There seems to be something about health that can make some people discussing issues relating to it become rather angry. There is a new example of this in the case of Dr Alan Dangour. The scientist who conducted research concluding that organic food is no healthier than conventional produce “told The Independent that hundreds of people had contacted him since his work was published, with many accusing him of dishonesty and incompetence in emails peppered with swear words”.
Apparently Dangour said that, although he was not upset by the correspondence, he was surprised by the strength of feeling on the issue.
Perhaps he shouldn’t have been.
I recall that blogger AP Gaylard once commented on a slide that made up part of a powerpoint presentation. This slide was in a presentation titled “Homeopathy and the new fundamentalism” and included the following text:
TIME TO ‘LOCK AND LOAD’.
• Time to get ANGRY; to get UNIFIED; to get BUSY DEFENDING
That exhortation to get angry, emphasised by its capitalisation*, is really rather mild compared to some of the examples of anger in debates about health issues.
For example, in June this year, an MP faced death threats after plans were announced to add fluoride to the water supply in Australia. The message read “Thanks for the poison bitch, ready to kill you slowly”. Anti-fluoride campaigners elsewhere have been very vociferous about the dangers of fluoridation (without going quite as far as those in Geelong). This despite a lack of good quality evidence indicating that fluoridation is harmful in the terms used by these campaigners: “The evidence of a benefit of a reduction in caries should be considered together with the increased prevalence of dental fluorosis. The research evidence is of insufficient quality to allow confident statements about other potential harms or whether there is an impact on social inequalities.” [PDF of the executive summary of the York fluoridation review.]
Another example of threats made against those involved in debate about health is that of Dr Paul Offit who, according to Wikipedia, has “attracted controversy and a substantial volume of hate mail and occasional death threats”. The Wikipedia entry includes links to stories in the New York Times and Philadelphia Enquirer. Some specific examples of threatening language being used in regard to Offit appear in a blog post on Left Brain/Right Brain. One quote is this, posted on a Yahoo group: “You have no idea how difficult it is for me not to slug him. Or worse.” LB/RB then looks at a blog post by this person which includes the following statement: “The people who make Gardasil……Someone should euthanize (sic) them. One at a time. So they can all take a number and take turns and watch.”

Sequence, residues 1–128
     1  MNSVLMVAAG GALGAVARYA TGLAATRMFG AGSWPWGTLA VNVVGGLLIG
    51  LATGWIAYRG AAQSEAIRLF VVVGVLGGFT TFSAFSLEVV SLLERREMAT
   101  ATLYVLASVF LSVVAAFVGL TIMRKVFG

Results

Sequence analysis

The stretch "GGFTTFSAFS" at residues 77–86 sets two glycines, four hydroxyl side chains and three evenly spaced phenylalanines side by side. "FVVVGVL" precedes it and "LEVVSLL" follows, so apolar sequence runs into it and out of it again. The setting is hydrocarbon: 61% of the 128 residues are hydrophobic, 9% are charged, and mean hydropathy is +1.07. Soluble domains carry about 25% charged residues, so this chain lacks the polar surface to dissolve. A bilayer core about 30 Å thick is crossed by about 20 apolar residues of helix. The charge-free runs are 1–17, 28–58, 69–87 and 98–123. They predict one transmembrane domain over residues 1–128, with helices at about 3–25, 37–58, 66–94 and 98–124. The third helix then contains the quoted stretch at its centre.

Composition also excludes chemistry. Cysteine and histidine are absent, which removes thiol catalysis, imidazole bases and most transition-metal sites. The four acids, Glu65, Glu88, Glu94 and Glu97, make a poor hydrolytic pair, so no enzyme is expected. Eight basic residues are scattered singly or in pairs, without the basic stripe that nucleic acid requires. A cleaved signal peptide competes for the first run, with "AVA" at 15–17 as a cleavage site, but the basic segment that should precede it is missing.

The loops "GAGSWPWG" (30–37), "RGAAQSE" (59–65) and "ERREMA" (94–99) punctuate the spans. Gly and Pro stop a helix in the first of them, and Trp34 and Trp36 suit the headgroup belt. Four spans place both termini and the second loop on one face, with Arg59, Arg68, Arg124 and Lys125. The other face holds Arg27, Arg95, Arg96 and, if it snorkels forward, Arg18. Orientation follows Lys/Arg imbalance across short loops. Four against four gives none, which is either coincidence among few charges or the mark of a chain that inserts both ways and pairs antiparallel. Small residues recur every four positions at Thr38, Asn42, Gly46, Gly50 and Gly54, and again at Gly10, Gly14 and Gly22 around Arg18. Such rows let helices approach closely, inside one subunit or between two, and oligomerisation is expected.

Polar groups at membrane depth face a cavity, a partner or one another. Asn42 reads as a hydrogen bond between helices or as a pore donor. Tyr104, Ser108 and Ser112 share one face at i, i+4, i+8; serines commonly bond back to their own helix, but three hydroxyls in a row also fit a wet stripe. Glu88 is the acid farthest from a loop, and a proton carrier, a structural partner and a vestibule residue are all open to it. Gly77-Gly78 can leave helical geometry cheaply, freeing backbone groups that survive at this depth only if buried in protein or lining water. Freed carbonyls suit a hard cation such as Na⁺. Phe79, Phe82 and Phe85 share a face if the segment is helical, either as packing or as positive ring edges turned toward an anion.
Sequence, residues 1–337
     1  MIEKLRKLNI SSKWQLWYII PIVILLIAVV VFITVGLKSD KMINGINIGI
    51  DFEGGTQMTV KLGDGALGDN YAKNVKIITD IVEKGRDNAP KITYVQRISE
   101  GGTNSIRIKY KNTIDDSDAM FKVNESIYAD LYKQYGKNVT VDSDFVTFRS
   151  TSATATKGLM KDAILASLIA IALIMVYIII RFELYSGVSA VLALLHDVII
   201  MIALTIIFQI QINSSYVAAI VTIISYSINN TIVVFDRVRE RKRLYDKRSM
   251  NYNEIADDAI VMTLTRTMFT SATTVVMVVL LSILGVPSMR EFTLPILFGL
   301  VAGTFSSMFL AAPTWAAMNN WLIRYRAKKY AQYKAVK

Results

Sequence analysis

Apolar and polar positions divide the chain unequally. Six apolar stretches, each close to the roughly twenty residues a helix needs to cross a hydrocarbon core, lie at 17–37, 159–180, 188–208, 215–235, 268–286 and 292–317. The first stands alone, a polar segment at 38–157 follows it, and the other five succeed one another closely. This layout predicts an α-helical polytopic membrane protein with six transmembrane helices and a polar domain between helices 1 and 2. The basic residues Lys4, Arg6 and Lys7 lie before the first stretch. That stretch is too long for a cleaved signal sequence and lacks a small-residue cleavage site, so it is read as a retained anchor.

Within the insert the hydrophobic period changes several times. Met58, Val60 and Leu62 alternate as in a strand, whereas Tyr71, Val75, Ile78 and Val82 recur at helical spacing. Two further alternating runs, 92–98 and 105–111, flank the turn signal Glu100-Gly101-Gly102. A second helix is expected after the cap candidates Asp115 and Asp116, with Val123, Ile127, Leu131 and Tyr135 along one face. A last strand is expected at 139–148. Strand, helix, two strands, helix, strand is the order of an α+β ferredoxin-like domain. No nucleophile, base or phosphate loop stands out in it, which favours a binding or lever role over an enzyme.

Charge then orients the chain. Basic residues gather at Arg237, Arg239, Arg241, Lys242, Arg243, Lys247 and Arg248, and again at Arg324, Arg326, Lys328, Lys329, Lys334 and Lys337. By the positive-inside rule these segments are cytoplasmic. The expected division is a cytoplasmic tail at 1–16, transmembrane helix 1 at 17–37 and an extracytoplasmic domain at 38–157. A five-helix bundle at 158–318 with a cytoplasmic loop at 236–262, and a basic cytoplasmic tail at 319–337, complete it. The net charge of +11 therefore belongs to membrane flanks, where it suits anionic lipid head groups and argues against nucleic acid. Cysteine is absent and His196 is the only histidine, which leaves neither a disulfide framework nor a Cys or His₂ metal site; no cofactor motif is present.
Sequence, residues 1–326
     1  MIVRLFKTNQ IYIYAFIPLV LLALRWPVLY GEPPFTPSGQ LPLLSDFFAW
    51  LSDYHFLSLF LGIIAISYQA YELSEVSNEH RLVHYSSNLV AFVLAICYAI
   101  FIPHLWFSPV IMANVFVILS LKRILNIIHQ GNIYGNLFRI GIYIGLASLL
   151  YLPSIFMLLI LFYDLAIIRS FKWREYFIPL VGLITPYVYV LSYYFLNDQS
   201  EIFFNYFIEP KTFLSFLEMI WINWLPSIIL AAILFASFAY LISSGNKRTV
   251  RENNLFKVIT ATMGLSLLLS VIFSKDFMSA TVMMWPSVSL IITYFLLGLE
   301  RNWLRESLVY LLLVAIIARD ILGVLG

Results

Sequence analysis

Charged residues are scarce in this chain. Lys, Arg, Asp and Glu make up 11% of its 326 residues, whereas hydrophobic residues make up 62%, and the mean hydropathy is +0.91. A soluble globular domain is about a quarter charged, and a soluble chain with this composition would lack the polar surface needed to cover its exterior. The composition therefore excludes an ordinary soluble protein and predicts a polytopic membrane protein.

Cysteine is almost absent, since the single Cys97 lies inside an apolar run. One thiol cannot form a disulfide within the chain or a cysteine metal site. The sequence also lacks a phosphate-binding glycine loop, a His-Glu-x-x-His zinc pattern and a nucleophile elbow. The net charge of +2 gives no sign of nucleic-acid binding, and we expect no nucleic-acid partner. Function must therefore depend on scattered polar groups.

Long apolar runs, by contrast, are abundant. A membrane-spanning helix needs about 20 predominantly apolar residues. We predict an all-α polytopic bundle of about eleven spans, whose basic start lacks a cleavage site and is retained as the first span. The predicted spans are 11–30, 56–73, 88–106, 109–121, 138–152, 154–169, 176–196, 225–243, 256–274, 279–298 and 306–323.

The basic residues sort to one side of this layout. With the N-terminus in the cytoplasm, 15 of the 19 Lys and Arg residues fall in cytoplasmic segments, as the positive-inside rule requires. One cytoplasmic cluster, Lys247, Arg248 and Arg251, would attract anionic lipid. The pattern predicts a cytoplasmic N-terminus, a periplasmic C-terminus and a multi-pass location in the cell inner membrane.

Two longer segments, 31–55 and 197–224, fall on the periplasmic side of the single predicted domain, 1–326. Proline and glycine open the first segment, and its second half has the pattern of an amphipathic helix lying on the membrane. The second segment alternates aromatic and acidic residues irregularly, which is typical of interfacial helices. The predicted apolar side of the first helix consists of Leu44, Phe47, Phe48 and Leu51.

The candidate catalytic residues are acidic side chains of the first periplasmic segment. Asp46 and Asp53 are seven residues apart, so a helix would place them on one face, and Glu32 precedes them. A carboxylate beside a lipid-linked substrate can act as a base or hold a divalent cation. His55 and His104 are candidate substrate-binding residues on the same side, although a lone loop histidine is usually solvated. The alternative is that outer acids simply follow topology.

Given that the specific examples of death threats against people contributing to debates involving health issues have been in relation to opposition to public health initiatives such as fluoridation and vaccination, perhaps there is a common thread here. Maybe there is just something about the idea of government schemes to improve public health that people distrust. Maybe it is the idea that having schemes to introduce either a “foreign agent” (as in the case of vaccines) or a substance that can be toxic depending on the dose (as in the case of fluoride) is somehow sinister. Perhaps people believe that Brigadier General Jack D Ripper was onto something (and that the government wants to impurify our precious bodily fluids) and this could account for the strength of feeling in both the anti-vaccination and anti-fluoridation camps.
*It has been noted before that angry responses in discussions of alternative medicine (or topics popular with advocates of alternative medicine) often contain a number of tell-tale signs. Capitalisation of words for emphasis (or perhaps I should say vehemence) is not uncommon. You may also see unusual use of punctuation marks, with repeated exclamation marks or question marks. Accusations of competing interests or pressure being brought to bear are sometimes made (Dangour is quoted in the Independent as saying that “Some have questioned my integrity and independence; whether I am funded by big agriculture or industry. It’s professionally hurtful for people to say: ‘You must be funded by industry or otherwise you wouldn’t have come up with that finding’.”), although those making such accusations about those with opposing views are sometimes curiously reluctant to acknowledge their own competing interests. Through all these comments, the theme seems to be “the evidence disagrees with my opinion – there must be something wrong with the evidence” (or with the person providing the evidence). The inability to reconcile new evidence with prior opinions does seem to have the capacity to lead to frustration and anger.